Ive just spent most of this Sunday shooting 360 degree panoramas for a client at a new property development and are now putting them together on my home Mac Pro and I am just dumb struck with the resolution and dynamic range this $3,500.00 beast is producing just amazing.

Cheers

Simon
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Simon Harper
Harper Photographics Ltd
http://www.harperphoto.com
http://www.facebook.com/harper.photographics

Auckland, New Zealand
jerome_m
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« Reply #46 on: January 27, 2013, 02:24:55 AM »
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If you have mold spots on the sensor glass both inside and out it is highly likely that there are problems in other areas of the camera.
The lens may have problems too.

The lenses were bought from another person. The mould on the sensor IR glass probably come from inappropriate cleaning techniques.

I made a couple of comparisons between Zeiss lenses forSony and non Zeiss and could see little difference.

I have read your article. You would see little difference with the kind of subject. The difference is more apparent outdoors on sunny days and when depth of field is reduced.

Regarding skin tones both Hasselblad and the D800E produce excellent skin tones.

The common mistake that people make is to judge the skin tones on post processing choices made by the default raw conversions.

If the default raw conversion on one camera give good skin tones out of the box and the default raw conversion on another camera need extra work to come to the same result, the first camera is of more value to me.
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bcooter
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« Reply #47 on: January 27, 2013, 03:03:45 AM »
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Insanity is doing the same thing over and over hoping for a different result.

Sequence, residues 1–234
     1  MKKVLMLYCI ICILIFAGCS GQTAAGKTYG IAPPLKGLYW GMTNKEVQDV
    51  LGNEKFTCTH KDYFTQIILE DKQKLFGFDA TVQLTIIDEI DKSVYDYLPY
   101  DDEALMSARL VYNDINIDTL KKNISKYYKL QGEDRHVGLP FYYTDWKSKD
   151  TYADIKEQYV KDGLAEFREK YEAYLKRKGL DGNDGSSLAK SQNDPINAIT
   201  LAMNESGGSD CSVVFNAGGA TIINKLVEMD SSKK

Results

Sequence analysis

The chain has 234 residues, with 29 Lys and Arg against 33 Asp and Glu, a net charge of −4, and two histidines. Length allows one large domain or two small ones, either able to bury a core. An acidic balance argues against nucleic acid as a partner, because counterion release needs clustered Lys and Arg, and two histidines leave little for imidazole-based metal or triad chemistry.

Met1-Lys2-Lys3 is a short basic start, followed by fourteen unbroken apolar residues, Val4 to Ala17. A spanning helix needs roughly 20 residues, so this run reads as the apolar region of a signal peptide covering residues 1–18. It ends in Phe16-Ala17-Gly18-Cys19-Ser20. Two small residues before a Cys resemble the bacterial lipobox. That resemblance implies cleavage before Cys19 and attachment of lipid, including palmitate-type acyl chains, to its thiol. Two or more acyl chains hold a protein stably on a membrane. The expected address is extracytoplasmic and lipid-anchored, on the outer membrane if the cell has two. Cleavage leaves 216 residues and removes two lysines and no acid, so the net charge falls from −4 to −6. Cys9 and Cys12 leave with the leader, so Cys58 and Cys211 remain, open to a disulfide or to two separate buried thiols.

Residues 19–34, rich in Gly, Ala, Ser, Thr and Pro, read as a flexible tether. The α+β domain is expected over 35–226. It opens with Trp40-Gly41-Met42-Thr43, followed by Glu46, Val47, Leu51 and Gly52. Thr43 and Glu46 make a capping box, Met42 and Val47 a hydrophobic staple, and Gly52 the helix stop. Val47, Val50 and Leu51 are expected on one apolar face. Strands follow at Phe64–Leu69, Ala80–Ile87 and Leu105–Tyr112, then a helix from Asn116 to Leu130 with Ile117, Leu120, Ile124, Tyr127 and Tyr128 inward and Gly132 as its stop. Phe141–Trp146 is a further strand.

These threads have gone on for 7 years and yes I'm as crazy as the next guy, because I've participated in way too many of them.

The truth is if you take a potato chip, poke a hole in it, hold a unexposed piece of film in one hand, your thumb over the hole, count to 1 close the hole and if you're proud of the  result . . .

that potato chip just may be the right camera for you.

Now if you shoot for commerce, have the world 6 inches from your back trying to set you ass on fire and you don't own one of these electronic marvels like the Nikon or Canon, then you're probably making a mistake.

On the flip side if you don't explore other alternatives than what everyone else is using, you might be missing something that's hard to quantify on paper or charts.

But whether your shooting with a crew of 20 or on a mountaintop by yourself, then you should enjoy it because whether it takes 10 minutes or 10 hours, that's time your not getting back and enjoying as many seconds as possible is damn important.

We talk about cameras like a crumb of noise is sinful, or anything that doesn't shoot at iso twenty billion is antiquated and sometimes it's true, usually it's not.

We talk about cameras like they really will give us magical talent, or a more accurate eye and that's never true.

A trillion beautiful photographs have been made by cameras and receptors that won't go over 400 asa, require manual focus and shoot about a frame every two seconds at best.   (iso, or asa I don't even know if these are real standards).